Backpage.com, the advertising site owned by the Village Voice, is criticized for facilitating the exploitation of women and recently was described by Nicholas Kristof of The New York Times as “the biggest forum for sex trafficking of under-aged girls in the U.S.” Kristof and other high-profile types—everyone from CNN’s Amber Lyon to the now-defunct celebrity-activist duo Ashton Kutcher and Demi Moore—are the loudest mouths in a campaign to shut the site down.
Whereas no one disputes that some individuals are led into the sex industry under false pretenses and remain in the industry due to violence or coercion, the truth is, not all people who engage in commercial sex have been misled into doing so or remain in the industry by force. People sell sex for lots of different reasons—and many of these people say the ads should stay up.
“The forces behind the censoring of Craigslist clearly know little of the real world. Now, they’re after Backpage. To assume that removing the Adult Services ads sections of our newspapers would magically eliminate the abuse of anyone is absurd. The fact is that there are people who post on Adult Services that are of legal age and independent. I should know—I am one of those women.”
These are the words of Maria, a 48-year-old hairdresser and artist who supplements her income selling sexual services to clients that she meets online. Maria was one of many eager to talk to me about how petitions to shut down adult classified sections on sites like Craigslist and Backpage affect real people working in the industry.
“If Backpage and the many other adult services sites were to be removed as an option for [men and women like me],” Maria said, “I fear we will be forced to the streets, where the most abuse occurs.”
“My income isn’t as steady as I like it to be, and in those months where I’m really tight, Backpage allows me to do this work as much or as little as I want—no commitments to anyone,” said Vivian, 25. “I don’t need an agency. I don’t need a pimp. I can just meet people on my own and stop as quickly as I started. If Backpage closes, I don’t know how I’ll do that. It’s not like closing Backpage will also get rid of my student debt.”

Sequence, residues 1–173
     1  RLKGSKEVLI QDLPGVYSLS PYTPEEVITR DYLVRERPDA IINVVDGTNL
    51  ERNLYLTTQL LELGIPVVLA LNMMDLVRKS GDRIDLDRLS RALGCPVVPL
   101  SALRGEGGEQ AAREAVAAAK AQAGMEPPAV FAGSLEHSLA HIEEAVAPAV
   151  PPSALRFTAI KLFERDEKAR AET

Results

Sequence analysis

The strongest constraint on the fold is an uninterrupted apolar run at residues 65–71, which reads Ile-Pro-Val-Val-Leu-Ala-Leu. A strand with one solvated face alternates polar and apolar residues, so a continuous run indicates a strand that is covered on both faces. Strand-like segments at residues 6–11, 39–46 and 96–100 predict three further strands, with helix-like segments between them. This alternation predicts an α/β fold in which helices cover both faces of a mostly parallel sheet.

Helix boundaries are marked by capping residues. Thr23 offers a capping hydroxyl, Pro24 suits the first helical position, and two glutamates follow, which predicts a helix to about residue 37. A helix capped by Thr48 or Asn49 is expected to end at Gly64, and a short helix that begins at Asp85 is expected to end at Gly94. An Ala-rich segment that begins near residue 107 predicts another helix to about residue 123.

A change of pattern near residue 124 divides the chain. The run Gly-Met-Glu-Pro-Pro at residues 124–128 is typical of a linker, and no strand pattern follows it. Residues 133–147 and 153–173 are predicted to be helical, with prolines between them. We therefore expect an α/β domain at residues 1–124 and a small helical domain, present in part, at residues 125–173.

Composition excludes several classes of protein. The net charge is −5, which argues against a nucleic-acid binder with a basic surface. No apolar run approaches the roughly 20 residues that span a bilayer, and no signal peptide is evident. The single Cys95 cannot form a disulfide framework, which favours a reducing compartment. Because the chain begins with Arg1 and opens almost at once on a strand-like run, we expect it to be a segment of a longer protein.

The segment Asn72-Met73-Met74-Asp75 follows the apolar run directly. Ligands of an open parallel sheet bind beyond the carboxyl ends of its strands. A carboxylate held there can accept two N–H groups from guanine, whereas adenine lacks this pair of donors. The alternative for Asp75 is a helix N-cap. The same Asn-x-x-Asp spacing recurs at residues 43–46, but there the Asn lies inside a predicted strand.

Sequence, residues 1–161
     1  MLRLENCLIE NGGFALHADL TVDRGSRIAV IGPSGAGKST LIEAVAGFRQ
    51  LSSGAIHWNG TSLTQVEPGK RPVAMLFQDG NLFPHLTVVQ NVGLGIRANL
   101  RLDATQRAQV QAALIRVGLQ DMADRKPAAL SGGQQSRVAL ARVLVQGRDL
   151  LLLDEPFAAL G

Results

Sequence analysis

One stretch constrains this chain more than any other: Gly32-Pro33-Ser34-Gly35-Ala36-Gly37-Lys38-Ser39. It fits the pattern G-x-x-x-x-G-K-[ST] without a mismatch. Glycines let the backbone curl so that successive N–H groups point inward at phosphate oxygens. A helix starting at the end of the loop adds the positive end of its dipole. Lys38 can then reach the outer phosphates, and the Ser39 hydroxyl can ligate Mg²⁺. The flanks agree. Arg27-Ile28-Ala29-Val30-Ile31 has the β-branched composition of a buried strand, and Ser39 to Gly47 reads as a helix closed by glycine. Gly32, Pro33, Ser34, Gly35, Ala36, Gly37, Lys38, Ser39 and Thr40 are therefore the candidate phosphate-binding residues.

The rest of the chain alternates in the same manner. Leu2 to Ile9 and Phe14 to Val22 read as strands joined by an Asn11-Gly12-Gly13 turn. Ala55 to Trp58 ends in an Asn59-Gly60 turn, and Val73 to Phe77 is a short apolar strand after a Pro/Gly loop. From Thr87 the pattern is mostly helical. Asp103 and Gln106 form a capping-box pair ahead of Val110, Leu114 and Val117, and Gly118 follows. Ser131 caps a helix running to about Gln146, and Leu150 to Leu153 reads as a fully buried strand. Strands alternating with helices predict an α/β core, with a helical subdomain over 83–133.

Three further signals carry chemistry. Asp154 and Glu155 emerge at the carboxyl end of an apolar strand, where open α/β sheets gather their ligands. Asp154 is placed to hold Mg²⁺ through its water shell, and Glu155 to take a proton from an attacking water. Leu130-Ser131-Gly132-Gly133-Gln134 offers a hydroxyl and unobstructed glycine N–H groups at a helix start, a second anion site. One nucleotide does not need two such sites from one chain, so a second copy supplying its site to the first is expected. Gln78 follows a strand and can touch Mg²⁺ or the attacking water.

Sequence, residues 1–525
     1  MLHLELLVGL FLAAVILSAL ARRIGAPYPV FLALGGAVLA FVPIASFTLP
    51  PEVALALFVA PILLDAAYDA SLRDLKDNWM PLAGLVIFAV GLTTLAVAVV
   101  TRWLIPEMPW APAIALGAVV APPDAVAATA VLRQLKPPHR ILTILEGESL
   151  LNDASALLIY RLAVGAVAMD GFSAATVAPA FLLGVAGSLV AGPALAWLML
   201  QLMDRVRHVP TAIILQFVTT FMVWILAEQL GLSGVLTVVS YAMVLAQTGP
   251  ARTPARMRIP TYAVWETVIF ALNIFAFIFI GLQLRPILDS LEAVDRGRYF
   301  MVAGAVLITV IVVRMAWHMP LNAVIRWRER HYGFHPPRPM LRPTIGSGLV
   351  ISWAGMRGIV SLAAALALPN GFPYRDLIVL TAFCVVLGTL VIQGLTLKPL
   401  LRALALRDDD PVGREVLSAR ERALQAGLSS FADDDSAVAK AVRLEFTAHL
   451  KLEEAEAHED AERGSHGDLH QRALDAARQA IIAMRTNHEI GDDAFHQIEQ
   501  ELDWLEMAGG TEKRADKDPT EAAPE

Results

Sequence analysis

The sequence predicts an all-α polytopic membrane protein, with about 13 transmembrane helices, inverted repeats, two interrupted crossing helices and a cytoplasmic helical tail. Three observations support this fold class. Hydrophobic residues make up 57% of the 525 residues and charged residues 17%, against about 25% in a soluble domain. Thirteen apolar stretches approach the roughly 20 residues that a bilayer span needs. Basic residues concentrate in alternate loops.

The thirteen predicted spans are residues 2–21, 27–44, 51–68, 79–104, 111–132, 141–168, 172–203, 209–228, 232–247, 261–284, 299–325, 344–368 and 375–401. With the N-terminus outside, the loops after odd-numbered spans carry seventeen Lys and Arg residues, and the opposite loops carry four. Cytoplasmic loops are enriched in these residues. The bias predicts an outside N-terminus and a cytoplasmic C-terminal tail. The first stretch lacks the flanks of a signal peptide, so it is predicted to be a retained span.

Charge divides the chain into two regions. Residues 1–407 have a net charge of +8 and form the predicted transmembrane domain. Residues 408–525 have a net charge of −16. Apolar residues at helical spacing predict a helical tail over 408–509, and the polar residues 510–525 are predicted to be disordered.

While some anti-trafficking activists believe all sex workers are beholden to traffickers and pimps, sex workers such as Maria and Vivian argue that they are beholden to demands no more excessive than what most working people struggle to meet. Sex workers use the money they earn to pay loan officers and landlords, grocery bills and car payments—to meet the same financial responsibilities as everyone else. For some, sex work is the best option given the choices they perceive as available to them. It is an option some women and men prefer over part-time, low-wage work that—in this economy in particular—is not always available.
Zoe, a “relatively young” single mother, says she struggles to make ends meet by soliciting clients on Backpage—what she describes as “hard work” due, she says, to the racial preference of her customers. (“My complexion is darker so I get less work or have to lower my rates in order to keep my bills paid,” she explains.) According to Zoe, she doesn’t make enough money to post on sites likes Eros.com, which can cost as much as $200 per ad.
“To shut the adult section [of Backpage] down is to put me in extreme poverty,” said Zoe. “It puts me at risk of being homeless and hungry. I’ve never been a streetwalker, but to have to go to that as an option puts me at much greater risk of harm than having the control over who my clients are when I post on such sites.”
At 26 years old, I was working a dead-end desk job and could barely make ends meet when I started selling sexual services on the now-shuttered adult services section of Craigslist. Similar to Backpage.com, Craigslist—at that time—allowed me to write and post ads that could be up one minute and then down the next. This, according to Kate D’Adamo, a representative from Sex Workers Outreach Project of New York City (SWOP-NYC) is an important feature for people who may not identify as sex workers—“people who are just trying to make a little bit extra to cover their rent.”